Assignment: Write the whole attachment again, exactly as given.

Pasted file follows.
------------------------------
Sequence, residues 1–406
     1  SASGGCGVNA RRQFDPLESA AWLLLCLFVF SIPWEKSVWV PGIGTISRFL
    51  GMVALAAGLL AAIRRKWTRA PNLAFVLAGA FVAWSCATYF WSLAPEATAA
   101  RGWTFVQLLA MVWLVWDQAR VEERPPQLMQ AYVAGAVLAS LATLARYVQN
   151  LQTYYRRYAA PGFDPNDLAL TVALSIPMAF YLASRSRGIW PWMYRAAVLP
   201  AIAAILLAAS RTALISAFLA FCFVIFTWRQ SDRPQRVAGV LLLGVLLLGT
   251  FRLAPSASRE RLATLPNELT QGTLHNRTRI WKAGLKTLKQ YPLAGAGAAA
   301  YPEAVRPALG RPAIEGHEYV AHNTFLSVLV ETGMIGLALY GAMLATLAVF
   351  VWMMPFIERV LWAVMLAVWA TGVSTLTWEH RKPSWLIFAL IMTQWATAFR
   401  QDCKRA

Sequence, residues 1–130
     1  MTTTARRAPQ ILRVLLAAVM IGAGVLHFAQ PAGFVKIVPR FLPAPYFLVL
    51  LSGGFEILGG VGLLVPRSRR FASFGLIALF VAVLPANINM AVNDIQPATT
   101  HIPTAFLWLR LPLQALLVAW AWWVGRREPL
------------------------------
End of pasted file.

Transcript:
Sequence, residues 1–406
     1  SASGGCGVNA RRQFDPLESA AWLLLCLFVF SIPWEKSVWV PGIGTISRFL
    51  GMVALAAGLL AAIRRKWTRA PNLAFVLAGA FVAWSCATYF WSLAPEATAA
   101  RGWTFVQLLA MVWLVWDQAR VEERPPQLMQ AYVAGAVLAS LATLARYVQN
   151  LQTYYRRYAA PGFDPNDLAL TVALSIPMAF YLASRSRGIW PWMYRAAVLP
   201  AIAAILLAAS RTALISAFLA FCFVIFTWRQ SDRPQRVAGV LLLGVLLLGT
   251  FRLAPSASRE RLATLPNELT QGTLHNRTRI WKAGLKTLKQ YPLAGAGAAA
   301  YPEAVRPALG RPAIEGHEYV AHNTFLSVLV ETGMIGLALY GAMLATLAVF
   351  VWMMPFIERV LWAVMLAVWA TGVSTLTWEH RKPSWLIFAL IMTQWATAFR
   401  QDCKRA

Sequence, residues 1–130
     1  MTTTARRAPQ ILRVLLAAVM IGAGVLHFAQ PAGFVKIVPR FLPAPYFLVL
    51  LSGGFEILGG VGLLVPRSRR FASFGLIALF VAVLPANINM AVNDIQPATT
   101  HIPTAFLWLR LPLQALLVAW AWWVGRREPL